Until very recently, France seemed to have a monopoly on pink wines. Indeed, when we think rosé, our minds still drift first and foremost to Provence. But, with the explosion of interest in rosé in recent years–a trend we wholeheartedly support–new bottlings of rosé have been popping up all over. We’re here for it, because it means that the bar for great rosé at all price points has never been higher. Case in point is this month’s Montepulciano-based rosato from the heart of Abruzzo. If you can find a Provençal rosé at this price point with this much character, we want to know about it. Perhaps it shouldn’t be a surprise that a forward-thinking cooperative like Vallevo could put out such fantastic value wines given the fact that just about every great wine we’ve tasted from Abruzzo in recent memory has been a killer value. It may not be as well-known as Tuscany, but there is just as much wonderful wine to be found here.
This Montepulciano-based rosato reminds us of some of the best, most serious rosés coming out of Provence, oddly enough. With a reductive, mineral-laden nose, this rosato is at its best when drunk cool but not frosty, so as to appreciate the complexity and nuance to be found within–if that’s your thing, of course. The tasting experience highlights notes of saline minerals, wild strawberry, white pepper, and anise. This wine is as versatile as they come, and will be just as comfortable being drunk from proper stemware with a full meal, as it would being drunk from a plastic cup on the beach. Try it with our recipe for Cherry Tomato & Lemon Salad.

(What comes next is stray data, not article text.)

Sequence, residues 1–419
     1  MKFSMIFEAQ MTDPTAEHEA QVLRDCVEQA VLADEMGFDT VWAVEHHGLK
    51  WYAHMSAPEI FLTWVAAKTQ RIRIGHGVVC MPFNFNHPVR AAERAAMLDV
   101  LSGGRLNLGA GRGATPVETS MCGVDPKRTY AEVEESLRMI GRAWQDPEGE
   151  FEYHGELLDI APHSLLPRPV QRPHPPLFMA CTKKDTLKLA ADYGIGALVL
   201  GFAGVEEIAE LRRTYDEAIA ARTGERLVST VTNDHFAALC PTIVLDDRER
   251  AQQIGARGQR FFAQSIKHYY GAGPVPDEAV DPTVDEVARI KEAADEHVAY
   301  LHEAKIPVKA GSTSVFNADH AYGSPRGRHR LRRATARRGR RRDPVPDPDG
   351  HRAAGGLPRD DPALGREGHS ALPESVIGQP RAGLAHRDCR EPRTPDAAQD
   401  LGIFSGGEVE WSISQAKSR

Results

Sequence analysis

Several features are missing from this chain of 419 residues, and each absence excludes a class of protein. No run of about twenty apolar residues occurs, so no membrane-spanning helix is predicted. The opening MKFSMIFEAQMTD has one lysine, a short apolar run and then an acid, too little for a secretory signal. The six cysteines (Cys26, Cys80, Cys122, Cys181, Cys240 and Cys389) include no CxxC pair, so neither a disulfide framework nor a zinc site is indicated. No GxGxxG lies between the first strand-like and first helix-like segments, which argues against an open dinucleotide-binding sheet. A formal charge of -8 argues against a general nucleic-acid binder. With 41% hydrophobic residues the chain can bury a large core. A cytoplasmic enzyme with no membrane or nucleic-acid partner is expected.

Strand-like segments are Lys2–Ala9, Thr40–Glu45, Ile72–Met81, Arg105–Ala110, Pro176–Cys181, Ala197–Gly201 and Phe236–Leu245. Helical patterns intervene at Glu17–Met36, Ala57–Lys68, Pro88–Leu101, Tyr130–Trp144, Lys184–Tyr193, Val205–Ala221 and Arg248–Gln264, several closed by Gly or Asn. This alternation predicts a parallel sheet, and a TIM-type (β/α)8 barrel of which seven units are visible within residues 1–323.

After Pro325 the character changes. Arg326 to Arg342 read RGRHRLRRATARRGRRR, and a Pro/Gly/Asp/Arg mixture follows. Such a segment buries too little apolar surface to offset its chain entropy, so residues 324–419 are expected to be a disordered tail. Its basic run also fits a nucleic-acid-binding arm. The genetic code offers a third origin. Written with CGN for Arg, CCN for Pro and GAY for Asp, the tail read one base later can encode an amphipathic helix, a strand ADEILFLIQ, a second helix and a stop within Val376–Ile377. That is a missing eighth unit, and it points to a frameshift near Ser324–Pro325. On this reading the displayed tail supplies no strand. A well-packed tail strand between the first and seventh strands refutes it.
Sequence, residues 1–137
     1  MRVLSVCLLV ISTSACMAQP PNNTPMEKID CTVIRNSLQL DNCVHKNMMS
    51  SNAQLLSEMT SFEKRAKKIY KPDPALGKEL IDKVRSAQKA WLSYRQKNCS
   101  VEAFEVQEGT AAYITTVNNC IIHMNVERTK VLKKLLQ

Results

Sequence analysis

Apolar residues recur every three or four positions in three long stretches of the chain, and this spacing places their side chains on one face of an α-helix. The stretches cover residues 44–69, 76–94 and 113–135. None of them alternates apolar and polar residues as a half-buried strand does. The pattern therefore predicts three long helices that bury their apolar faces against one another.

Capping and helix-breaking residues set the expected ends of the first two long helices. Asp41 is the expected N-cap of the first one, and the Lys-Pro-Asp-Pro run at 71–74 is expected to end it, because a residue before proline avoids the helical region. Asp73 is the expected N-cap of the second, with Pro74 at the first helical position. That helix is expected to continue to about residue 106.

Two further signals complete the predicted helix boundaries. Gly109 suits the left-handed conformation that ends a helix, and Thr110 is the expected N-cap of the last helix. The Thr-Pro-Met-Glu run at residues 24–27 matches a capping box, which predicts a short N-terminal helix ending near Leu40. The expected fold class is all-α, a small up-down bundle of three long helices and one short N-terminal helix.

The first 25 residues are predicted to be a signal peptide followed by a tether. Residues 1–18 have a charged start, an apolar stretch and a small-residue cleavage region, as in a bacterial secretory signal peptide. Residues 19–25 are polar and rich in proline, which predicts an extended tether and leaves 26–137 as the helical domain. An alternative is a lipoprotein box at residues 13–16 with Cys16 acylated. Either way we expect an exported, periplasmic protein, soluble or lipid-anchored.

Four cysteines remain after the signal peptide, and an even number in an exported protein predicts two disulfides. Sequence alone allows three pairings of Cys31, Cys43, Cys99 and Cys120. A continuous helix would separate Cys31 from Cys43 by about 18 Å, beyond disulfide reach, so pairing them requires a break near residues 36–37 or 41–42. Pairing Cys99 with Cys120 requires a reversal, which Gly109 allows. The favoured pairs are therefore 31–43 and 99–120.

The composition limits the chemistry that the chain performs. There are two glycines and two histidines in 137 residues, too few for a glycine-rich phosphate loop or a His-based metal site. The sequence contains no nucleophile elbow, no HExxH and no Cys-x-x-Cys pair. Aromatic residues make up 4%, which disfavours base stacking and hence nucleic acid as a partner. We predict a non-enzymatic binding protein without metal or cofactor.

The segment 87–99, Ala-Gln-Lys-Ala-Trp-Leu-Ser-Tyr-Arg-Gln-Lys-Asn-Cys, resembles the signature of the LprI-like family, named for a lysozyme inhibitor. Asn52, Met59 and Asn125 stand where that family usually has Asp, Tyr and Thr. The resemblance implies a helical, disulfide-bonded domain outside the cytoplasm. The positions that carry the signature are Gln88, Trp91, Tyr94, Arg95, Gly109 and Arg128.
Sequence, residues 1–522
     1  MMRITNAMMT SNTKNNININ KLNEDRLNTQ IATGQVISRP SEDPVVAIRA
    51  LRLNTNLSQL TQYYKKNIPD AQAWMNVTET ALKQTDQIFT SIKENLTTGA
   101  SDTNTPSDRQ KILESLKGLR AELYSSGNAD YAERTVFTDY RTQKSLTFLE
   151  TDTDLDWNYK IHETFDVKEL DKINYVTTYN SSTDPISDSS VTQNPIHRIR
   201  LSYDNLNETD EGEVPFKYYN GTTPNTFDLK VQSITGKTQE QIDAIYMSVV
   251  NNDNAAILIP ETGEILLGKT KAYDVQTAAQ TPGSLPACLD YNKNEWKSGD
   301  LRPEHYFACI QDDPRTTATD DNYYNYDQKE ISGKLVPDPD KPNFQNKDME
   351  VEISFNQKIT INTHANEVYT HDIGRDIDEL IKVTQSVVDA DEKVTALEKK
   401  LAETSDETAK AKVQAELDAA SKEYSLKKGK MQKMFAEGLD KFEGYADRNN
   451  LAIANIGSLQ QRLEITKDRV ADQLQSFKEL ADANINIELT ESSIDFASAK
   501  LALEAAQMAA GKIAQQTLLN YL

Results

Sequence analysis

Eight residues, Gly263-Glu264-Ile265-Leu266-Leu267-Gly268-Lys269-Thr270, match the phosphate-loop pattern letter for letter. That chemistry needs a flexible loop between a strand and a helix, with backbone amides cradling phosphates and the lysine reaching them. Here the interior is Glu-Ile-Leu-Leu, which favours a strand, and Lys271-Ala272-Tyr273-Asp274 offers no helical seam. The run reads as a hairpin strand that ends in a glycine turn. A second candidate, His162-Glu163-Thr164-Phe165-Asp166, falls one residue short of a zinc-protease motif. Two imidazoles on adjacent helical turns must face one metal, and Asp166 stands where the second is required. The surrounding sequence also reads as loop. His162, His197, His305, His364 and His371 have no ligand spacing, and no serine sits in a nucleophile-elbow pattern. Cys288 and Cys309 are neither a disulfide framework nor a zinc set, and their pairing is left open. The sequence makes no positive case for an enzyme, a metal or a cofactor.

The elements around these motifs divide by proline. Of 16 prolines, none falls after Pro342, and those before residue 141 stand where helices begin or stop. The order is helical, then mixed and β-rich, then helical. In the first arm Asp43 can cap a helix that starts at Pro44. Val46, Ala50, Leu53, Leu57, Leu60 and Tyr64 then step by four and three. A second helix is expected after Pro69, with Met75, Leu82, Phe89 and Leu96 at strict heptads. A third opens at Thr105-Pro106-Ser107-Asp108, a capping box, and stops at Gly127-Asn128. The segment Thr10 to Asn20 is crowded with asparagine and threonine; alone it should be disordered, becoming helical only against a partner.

Though rosatos broadly popping up across Italy is a more recent phenomenon, Abruzzo is home to what is Italy’s oldest and most famous rosato–Cerasuolo d’Abruzzo. Though Montepulciano is generally only known for its reds, Abruzzese winemakers have been crafting robust rosés from Montepulciano in the form of Cerasuolo for generations. Though proper Cerasuolo is often much darker than most rosés, to the point where it is sometimes considered a light red rather than rosato, there’s no question that this is a distinct style from the reds of the region. As such, it’s clear that the potential is there for Montepulciano to produce great rosés and reds, though this month’s selection is a more traditional style of lighter rosato.